Members of the NCSA play a role on the state level as well, here they mingle with past, present and future Nebraska Cattlemen presidents, left to right, John Kraye, Mullen, seedstock committee vice-chair, Steve Hanson, NC vice president from Elsie, JD Alexander, past state and national president, current president William Rhea III from Arlington, next to the 2022 NC president, Brenda Masek, Purdum, Al Atkins, Halsey, vice chair of cow/calf, Mike Drinnin, NC president in 2019, and Frank Utter, Brewster, cow/calf committee chairman. Photo by Terri Licking

NEW BEEF PROCESSING PLANT

The NCSA was well pleased with the attendance, probably due in part to the last presentation of the evening. David Briggs, CEO of the newly formed Sustainable Beef LLC, a cattle processing plant coming to North Platte. The idea came after Rusty Kemp, Tryon rancher was with Gov. Pete Ricketts on a trade mission. They discussed need for more processing of beef in Nebraska. Kemp came back, and started the ball rolling, finding other investors and enthusiasts. Briggs went on to explain, “We went to the Panhandle communities and got a negative reception. We went to North Platte who gave us a very favorable response. We feel the three Cs are met in North Platte — that of a city central in Nebraska and on the edge of the Sandhills, the best beef producing area in the world, which is the second C that of cattle — Nebraska ranks second in cattle on feed with over 2.4 million head fed annually. The final C is capital, where producers can invest in ownership.”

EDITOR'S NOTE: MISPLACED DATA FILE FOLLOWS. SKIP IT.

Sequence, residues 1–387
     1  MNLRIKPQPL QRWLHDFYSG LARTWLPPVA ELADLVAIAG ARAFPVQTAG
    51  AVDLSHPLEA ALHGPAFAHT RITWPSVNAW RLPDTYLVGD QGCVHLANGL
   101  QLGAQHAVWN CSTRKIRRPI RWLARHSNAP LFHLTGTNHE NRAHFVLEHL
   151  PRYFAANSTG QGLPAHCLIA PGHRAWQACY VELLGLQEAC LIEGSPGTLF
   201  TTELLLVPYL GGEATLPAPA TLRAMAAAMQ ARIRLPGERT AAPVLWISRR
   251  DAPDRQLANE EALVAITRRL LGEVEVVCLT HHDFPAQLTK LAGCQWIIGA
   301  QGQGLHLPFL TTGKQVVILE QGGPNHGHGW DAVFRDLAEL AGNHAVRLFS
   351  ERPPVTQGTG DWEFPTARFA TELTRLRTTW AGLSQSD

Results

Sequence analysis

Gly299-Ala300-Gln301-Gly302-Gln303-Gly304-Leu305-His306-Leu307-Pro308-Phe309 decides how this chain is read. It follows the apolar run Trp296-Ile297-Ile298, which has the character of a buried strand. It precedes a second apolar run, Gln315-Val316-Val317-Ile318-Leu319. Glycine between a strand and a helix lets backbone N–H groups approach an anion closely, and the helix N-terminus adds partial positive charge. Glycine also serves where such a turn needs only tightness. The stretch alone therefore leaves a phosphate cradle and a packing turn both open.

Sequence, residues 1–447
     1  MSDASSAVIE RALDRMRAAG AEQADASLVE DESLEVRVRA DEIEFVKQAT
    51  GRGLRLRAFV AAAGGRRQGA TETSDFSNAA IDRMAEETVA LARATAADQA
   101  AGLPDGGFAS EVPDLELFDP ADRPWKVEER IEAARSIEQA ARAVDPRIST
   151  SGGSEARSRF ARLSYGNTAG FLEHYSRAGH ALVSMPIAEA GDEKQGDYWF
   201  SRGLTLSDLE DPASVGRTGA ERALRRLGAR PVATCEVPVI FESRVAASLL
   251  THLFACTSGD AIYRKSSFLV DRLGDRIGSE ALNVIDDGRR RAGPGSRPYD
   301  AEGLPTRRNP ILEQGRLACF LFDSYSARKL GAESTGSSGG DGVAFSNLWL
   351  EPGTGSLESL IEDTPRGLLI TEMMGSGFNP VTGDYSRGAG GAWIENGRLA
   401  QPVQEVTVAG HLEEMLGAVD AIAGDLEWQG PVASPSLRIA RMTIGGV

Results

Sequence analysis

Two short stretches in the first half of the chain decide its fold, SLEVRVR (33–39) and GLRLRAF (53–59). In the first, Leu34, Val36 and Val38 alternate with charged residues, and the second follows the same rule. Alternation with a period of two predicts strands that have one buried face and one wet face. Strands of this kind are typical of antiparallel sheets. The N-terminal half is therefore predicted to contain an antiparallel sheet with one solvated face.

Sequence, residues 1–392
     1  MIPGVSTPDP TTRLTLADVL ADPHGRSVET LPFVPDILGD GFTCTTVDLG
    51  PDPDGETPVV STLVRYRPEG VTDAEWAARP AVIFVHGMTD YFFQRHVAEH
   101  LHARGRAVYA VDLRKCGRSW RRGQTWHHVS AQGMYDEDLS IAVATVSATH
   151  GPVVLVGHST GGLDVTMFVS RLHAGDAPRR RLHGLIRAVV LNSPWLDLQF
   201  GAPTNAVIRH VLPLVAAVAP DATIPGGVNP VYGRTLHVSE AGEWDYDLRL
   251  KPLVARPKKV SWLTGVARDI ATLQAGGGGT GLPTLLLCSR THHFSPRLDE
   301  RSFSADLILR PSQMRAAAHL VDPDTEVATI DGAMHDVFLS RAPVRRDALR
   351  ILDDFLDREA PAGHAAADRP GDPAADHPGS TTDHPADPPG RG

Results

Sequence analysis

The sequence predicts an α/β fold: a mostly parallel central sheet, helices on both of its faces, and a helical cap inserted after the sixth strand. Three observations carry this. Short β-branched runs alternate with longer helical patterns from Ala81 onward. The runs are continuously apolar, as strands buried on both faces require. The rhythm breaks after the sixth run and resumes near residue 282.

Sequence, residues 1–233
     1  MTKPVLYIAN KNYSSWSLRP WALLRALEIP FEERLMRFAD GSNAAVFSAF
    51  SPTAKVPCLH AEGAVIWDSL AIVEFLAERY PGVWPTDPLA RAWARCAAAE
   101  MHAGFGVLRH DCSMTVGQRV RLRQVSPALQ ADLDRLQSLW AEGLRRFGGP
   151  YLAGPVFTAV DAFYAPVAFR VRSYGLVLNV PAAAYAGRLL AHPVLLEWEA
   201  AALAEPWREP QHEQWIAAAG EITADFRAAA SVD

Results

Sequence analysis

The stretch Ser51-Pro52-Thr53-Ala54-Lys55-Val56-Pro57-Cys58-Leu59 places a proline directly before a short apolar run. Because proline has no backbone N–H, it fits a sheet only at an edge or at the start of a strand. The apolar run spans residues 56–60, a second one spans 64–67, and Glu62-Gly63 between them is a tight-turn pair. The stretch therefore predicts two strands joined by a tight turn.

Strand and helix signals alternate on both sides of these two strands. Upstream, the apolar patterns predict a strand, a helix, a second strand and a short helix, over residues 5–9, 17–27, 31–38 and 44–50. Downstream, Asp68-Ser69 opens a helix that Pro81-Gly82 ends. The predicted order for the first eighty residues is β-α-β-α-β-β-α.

He went on to describe the proposed plant. “The location is near ideal, already in a heavy industrial zone. It is close to I-80 exit 179. It will sit on 80 acres, which was the old sewer plant, so land will need to be raised. It is next to the wastewater treatment plant, which is crucial as it takes between 400 to 600 gallons of water per head to process.” Estimated cost of the plant is $325 million with another $75 to $100 million needed for salaries, maintenance and such. Estimates of employees are 875, with 800 on the floor. “One shift only at this point is projected, with average wage of workers being $50,000 per year or $50 million for payroll per year. North Platte could see $1 billion in economic benefit per year. The plant is contingent on TIF (Tax Increment Financing). As to date, the proposal has gone before the city council and had their support, but other hearings will be needed. “We hope to break ground this fall and be complete by 2023.” The plant hopes to process 400,000 head per year, including cull cows where they will process their own hamburger from them at the plant. Briggs answered other questions after his formal presentation concluded. “Investors will pay $100 per head and guarantee at least one semi-trailer load per month. Small producers can collaborate, one producer has the contract, but if they can guarantee a semi-load for four to five months out of the year that can be a way for them to get rid of their cull cows every year and be a part of Sustainable Beef LLC.”